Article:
State of California

Summary of Board Meeting
November 16, 2000

Air Resources Board
Board Hearing Room, Lower Level
2020 L Street
Sacramento, California

MEMBERS PRESENT: Hons. Alan C. Lloyd, Ph.D., Chairman
    Dr. William A. Burke
    Joseph C. Calhoun, P.E.
    Doreen D'Adamo
    Mark J. Desaulnier
    C. Hugh Friedman
    William F. Friedman
    Matthew R. McKinnon
    Barbara Patrick
    Barbara Riordan

00-11-1 Consideration of a Research Proposal

The Board approved Resolution No. 00-37 by a unanimous vote.
00-11-3 Public Meeting to Consider the Proposed Revision 2000 to the Carl Moyer Program


The discussion for this item was approval of revisions to the Carl Moyer Program Guidelines. Initially the Air Resources Board (ARB or the Board) approved the guidelines in February 1999. The program has been operating for two years following the 1999 guidelines. Currently, the program is entering into its third year with $45 million to pay for heavy-duty engine projects and $5 million to pay for infrastructure and advanced technology. Including third year funds, the Carl Moyer Program is providing $98 million in incentives to substantially reduce emissions of oxides of nitrogen (NOx) from mobile source diesel engines. The program also reduces the fine particulate component of diesel exhaust, which contributes to particulate matter (PM) air pollution and is a toxic air contaminant.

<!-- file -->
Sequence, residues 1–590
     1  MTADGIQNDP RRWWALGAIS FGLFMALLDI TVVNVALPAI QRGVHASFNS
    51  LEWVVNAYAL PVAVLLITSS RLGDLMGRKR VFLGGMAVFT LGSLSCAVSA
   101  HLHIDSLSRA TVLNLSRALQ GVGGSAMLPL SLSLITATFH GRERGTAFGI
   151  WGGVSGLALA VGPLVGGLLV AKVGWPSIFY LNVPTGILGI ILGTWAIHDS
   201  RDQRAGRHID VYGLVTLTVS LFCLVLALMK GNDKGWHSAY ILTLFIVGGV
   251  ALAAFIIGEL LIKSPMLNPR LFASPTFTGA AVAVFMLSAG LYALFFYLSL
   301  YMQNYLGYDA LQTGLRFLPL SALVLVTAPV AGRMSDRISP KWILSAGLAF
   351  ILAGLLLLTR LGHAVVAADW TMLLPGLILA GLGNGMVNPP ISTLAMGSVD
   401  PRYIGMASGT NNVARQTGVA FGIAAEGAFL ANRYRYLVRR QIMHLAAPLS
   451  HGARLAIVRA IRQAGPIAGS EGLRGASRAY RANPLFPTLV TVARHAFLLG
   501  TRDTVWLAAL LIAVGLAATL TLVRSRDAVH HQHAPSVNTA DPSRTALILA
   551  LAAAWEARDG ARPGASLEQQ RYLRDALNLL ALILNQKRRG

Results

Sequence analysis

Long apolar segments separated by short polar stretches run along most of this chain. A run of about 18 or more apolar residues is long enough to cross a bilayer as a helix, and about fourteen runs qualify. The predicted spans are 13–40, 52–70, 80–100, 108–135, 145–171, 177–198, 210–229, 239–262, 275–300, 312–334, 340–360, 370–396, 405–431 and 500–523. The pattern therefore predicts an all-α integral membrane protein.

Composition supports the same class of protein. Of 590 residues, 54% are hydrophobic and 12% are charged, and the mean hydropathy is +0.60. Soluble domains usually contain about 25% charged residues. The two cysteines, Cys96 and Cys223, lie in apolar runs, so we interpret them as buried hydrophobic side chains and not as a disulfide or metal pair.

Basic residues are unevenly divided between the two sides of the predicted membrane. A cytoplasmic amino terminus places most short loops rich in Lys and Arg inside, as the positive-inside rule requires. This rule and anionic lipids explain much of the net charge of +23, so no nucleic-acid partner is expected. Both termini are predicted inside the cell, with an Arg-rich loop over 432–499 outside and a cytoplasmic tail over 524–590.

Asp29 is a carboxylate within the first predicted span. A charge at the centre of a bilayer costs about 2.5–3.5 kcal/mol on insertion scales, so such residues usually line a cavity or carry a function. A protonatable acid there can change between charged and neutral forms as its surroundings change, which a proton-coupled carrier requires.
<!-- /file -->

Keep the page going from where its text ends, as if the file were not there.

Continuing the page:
The program will continue to operate as intended in the initial program, with ARB distributing Carl Moyer funds to local air districts that implement the program and select the projects. However, staff determined a need to revise the guidelines for four reasons: 1) to incorporate provisions enacted through the Health and Safety Code; 2) to incorporate recommendations that the Carl Moyer Program Advisory Board made to the Governor and the Legislature, 3) to expand the program and provide districts with additional flexibility in selecting projects; and 4) to incorporate technical revisions that would ensure emission benefits remain real, quantifiable, and enforceable. As approved, these revisions would affect projects that are paid for with third year funds and would continue to make this program a huge success.

Staff's proposal included criteria for considering incremental fuel costs from both alternative fuels and alternative diesel fuels on a case-by-case basis. The Health and Safety Code requires ARB to include a method for incorporating incremental fuel costs into the program. Staff's proposal also addressed recommendations made by the Advisory Board to the Governor and the Legislature pertaining to PM emission reduction requirements and goals, as well as districts' matching fund requirement. For PM, ARB would set a 25% PM emission reduction target for the statewide program and a 25% PM emission reduction requirement for a district program where a district is designated as serious non-attainment for the federal PM standard. Districts' matching fund requirement was also revised, capping total statewide matching funds at $12 million, whenever program funding is above $25 million.